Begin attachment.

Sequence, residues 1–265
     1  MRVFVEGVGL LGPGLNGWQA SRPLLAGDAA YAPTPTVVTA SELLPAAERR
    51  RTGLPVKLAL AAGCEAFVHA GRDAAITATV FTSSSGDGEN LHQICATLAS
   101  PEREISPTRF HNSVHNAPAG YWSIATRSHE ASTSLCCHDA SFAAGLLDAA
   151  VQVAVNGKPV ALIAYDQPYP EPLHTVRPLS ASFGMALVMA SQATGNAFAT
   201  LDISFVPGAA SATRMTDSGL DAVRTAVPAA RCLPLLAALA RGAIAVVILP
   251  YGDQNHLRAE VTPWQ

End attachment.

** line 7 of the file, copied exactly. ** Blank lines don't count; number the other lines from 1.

   251  YGDQNHLRAE VTPWQ